A recent study titled “The Obesity Paradox in Men Versus Women With Systolic Heart Failure” published in the American Journal of Cardiology had some very interesting results.
The authors from UCLA looked at patients over a couple of decades that were treated with significant advanced congestive heart failure and calculated their body mass index or BMI. Your BMI is a number that doctors use to determine whether someone is obese or not and can be calculated in a fair amount of online BMI calculators. Typically BMI is calculated by taking into account your weight and height.
The authors found if these patients were at least overweight they had less of a chance of dying or eventually needing a heart transplant. This was true for both men and women in the study. The authors are unable to say why these patients with obesity did better than those at ideal body weight and suggest further studies in trying to determine what the exact relationship is.
We need to be careful in how these results are interpreted.
First, this is a unique patient population. It has been well established that advanced chronic congestive heart failure can lead to significant weight loss, and thus is already known as a poor prognostic factor in these patients.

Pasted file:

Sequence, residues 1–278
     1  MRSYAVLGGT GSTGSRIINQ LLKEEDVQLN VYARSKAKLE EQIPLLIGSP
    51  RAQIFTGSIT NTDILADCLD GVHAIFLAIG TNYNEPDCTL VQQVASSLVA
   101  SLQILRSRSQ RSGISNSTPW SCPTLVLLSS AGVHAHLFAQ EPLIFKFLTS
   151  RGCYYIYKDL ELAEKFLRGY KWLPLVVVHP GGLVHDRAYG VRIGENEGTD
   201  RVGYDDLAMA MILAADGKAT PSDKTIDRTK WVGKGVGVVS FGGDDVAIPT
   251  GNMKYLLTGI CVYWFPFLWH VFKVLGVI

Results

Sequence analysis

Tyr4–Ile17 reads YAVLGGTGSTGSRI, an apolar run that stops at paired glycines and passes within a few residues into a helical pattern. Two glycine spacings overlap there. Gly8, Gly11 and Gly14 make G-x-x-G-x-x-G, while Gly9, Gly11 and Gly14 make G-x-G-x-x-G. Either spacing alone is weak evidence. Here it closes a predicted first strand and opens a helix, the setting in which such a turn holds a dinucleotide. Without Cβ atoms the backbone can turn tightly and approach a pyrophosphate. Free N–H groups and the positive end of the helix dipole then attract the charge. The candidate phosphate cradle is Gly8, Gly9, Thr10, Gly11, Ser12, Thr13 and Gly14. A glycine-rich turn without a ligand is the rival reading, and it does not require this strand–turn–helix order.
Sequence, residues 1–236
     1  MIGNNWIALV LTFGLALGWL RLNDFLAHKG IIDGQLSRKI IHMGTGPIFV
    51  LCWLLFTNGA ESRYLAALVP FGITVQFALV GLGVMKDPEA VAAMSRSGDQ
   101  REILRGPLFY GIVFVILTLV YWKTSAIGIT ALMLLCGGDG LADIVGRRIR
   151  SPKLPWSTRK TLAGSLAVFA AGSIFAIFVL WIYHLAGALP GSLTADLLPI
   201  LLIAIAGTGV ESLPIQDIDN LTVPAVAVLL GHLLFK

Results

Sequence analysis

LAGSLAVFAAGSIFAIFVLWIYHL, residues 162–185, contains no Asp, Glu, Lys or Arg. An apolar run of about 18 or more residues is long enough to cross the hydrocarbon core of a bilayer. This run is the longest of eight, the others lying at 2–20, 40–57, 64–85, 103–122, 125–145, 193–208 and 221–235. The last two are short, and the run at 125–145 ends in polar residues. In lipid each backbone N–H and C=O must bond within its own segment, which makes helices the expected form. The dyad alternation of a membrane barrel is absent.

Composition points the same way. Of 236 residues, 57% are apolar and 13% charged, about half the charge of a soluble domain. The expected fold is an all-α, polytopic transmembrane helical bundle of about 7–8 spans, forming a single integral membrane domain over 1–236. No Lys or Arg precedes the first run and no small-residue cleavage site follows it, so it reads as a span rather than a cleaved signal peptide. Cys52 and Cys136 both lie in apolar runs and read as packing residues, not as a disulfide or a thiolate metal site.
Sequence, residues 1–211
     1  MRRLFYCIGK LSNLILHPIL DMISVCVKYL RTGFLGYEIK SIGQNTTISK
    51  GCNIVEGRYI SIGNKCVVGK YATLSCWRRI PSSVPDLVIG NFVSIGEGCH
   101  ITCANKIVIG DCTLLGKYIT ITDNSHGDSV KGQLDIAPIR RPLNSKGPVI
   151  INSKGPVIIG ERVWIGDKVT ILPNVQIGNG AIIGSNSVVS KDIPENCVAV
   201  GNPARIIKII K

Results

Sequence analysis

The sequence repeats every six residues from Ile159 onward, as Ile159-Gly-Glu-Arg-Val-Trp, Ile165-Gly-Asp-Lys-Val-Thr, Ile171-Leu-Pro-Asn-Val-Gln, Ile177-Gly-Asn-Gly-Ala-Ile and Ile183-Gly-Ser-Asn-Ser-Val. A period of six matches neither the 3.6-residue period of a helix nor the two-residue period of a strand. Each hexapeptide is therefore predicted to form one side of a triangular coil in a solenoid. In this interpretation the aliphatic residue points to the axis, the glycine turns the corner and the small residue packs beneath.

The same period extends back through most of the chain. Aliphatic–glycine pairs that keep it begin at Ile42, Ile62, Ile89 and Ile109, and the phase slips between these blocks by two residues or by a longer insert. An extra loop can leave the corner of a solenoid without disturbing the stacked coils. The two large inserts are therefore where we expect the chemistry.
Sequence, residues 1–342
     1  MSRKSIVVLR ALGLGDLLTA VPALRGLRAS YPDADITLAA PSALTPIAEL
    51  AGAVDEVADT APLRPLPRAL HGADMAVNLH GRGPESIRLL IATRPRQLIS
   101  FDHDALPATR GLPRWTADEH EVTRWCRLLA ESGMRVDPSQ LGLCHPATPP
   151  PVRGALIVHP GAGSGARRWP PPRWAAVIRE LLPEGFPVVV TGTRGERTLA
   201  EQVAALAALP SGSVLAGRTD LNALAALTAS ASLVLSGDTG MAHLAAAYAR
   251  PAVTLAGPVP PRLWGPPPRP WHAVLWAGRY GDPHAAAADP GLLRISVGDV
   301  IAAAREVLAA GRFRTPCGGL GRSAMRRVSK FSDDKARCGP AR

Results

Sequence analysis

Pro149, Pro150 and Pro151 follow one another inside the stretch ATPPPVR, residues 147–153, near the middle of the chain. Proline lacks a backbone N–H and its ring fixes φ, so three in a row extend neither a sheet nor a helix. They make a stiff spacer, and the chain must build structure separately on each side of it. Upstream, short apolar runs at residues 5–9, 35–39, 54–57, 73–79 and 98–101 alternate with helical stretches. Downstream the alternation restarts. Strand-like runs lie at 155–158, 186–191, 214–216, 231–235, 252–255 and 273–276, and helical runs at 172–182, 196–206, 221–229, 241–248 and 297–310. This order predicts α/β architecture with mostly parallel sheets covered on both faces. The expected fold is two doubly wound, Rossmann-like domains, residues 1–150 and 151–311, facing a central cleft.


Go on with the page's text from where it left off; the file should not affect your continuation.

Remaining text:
Second, being overweight is clear risk factor for developing multiple well-established cardiac risk factors like high blood pressure, high cholesterol, and diabetes. There is no doubt that these risk factors go on to contribute to chronic heart disease in a variety of forms.
Finally, I worry that the patients will see headlines about this study and think it is acceptable to gain weight if one has congestive heart failure. Patients with this condition need to monitor their weight very carefully, often on a daily basis. Weight gain, even as little as 3-5 pounds over a few days, could be the first sign of fluid retention which could then lead to shortness of breath, swelling, and a trip to the emergency room.
I would encourage patients with congestive heart failure to discuss these results of this study with their physicians.